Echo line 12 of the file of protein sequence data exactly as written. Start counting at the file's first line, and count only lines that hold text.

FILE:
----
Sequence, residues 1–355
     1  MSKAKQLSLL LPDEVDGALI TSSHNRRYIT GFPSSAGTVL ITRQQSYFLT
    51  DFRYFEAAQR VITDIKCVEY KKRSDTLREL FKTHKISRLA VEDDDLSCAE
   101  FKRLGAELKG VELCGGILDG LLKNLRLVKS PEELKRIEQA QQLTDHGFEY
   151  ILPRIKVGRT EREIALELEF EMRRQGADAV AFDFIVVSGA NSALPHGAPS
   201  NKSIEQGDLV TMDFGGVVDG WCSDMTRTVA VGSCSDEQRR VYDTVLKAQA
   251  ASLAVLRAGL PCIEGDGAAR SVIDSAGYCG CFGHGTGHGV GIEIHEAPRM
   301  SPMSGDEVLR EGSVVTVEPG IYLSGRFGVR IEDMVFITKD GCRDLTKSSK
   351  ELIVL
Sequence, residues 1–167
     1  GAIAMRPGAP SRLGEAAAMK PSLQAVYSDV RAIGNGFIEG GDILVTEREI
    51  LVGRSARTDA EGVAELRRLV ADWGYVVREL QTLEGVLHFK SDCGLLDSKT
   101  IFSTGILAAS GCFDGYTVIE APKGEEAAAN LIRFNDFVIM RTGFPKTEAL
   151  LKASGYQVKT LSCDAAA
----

    51  LVGRSARTDA EGVAELRRLV ADWGYVVREL QTLEGVLHFK SDCGLLDSKT